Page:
Also, check out the Clear Communication Index! A research-based tool that helps you develop and assess communication materials for your intended audience.
Practical Guide to Expand Treatment of Opioid Use Disorder with Medication-Assisted Treatment
Today, the National Quality Forum in partnership with the Blue Cross Blue Shield Association (BCBSA) released Enhancing Access to Medication-Assisted Treatment, a practical guide that provides concrete strategies, implementation examples, tools, and resources to assist healthcare delivery systems, practitioners, and payers in expanding the use of medication-assisted treatment (MAT) to treat opioid use disorder (OUD).
In 2017 alone, the U.S. experienced over 70 thousand overdose deaths, of which 47 thousand were related to opioids. That is one opioid-related death occurring every 11.4 minutes. MAT is an evidence-based treatment for individuals affected by OUD that utilizes Food and Drug Administration (FDA)-approved medications in combination with behavioral therapies.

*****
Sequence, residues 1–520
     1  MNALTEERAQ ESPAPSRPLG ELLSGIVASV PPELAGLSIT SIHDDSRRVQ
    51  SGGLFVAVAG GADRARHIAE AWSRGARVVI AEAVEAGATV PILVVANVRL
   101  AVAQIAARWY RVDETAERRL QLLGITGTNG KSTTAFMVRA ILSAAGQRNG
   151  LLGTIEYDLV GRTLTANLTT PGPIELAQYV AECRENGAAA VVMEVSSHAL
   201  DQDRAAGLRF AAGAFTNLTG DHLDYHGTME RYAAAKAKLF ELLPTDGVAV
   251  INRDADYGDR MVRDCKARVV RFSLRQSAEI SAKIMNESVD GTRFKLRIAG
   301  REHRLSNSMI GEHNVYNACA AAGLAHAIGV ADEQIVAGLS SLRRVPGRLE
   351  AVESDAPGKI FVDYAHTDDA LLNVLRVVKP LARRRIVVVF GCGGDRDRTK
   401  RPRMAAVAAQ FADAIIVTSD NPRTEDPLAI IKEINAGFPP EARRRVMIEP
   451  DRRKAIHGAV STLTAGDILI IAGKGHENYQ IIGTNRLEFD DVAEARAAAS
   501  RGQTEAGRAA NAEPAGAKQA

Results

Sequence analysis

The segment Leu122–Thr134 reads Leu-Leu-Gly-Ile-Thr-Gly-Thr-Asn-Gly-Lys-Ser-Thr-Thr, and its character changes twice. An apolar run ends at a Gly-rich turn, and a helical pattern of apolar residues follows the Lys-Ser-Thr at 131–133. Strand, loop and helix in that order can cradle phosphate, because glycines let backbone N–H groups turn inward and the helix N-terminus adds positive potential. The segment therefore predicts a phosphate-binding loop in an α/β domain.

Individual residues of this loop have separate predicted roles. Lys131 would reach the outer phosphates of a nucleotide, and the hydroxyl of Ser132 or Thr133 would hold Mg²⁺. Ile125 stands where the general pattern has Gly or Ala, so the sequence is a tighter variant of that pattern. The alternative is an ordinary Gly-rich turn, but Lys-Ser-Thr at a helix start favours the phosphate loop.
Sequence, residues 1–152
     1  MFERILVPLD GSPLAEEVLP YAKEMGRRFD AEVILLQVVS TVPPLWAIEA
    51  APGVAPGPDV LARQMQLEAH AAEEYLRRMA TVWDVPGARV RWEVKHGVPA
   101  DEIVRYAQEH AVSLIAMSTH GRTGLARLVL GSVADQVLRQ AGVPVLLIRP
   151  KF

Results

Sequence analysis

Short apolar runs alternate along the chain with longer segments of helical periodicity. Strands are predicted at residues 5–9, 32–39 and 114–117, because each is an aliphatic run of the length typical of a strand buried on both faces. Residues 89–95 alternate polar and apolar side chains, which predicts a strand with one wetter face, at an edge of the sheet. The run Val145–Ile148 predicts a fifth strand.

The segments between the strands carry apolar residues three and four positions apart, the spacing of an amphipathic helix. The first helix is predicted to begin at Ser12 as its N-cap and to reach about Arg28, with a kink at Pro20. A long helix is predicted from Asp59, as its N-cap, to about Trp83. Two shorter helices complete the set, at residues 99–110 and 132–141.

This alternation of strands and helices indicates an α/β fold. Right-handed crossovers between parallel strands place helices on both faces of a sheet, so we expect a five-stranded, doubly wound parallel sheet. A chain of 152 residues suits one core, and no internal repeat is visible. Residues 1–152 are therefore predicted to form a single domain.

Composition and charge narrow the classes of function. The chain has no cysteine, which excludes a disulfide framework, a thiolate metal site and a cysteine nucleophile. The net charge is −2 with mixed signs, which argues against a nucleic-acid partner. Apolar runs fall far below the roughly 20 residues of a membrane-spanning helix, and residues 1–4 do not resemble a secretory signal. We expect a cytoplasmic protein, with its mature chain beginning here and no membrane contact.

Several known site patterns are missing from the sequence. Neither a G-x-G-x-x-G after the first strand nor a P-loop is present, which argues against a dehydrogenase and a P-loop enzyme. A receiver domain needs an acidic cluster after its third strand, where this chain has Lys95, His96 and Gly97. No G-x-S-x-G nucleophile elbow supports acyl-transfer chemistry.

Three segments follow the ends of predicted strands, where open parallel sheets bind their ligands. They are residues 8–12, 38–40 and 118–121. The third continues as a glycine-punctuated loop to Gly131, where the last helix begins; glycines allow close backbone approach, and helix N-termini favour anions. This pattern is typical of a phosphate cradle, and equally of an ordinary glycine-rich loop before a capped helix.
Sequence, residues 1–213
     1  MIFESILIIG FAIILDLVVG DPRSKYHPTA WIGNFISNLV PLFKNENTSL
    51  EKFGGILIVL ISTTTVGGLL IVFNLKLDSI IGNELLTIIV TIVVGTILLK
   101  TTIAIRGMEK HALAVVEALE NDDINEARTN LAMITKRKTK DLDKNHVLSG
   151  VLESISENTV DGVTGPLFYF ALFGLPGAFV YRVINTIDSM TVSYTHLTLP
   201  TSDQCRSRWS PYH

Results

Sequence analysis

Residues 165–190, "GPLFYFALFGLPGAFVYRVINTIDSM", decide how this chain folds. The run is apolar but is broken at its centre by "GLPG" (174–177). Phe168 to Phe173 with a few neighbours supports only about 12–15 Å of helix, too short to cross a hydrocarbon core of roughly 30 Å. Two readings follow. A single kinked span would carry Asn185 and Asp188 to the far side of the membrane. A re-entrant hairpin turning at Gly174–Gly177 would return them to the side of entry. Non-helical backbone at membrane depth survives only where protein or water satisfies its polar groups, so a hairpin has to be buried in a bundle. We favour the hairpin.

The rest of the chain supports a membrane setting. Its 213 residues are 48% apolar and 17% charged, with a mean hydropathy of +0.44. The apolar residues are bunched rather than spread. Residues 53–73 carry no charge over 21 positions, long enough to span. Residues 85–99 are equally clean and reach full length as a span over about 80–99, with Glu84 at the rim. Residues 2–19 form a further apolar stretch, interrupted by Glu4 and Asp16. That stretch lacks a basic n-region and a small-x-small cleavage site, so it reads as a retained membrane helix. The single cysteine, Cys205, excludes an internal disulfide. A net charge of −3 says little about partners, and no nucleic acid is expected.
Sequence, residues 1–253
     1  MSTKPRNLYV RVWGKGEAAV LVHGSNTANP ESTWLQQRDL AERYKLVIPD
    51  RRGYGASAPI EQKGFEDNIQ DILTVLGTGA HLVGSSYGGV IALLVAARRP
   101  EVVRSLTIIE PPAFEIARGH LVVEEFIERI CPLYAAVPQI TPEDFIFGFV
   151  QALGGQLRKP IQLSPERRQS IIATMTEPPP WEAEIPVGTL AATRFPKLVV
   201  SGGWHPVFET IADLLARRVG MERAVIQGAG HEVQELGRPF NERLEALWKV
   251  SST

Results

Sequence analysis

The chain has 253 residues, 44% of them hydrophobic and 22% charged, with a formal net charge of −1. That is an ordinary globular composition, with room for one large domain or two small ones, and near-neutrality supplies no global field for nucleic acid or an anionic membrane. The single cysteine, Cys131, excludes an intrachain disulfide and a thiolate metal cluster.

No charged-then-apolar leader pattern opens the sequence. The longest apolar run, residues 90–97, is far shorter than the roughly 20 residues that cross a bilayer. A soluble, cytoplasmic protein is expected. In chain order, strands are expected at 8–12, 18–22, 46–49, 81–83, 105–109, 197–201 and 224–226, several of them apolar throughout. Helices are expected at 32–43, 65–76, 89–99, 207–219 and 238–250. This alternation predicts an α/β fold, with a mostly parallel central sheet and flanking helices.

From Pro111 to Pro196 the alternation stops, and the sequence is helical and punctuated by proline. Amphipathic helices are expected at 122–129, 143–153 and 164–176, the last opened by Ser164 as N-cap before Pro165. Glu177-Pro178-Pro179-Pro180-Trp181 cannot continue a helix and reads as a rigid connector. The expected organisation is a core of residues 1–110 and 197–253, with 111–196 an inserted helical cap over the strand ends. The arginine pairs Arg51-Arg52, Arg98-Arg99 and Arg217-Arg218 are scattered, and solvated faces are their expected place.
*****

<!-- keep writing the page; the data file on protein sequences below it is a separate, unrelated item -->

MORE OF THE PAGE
Although greatly underused, MAT is often more cost-effective as it has shown to reduce general health care expenditures, emergency care, and other healthcare utilization when compared to other OUD treatments that do not use medication. Building on NQF’s work in Opioid Stewardship and Technical Expert Panel review, this Guide continues efforts to address the opioid crisis by enhancing the capacity and efficiency of clinicians to treat more patients with OUD through MAT.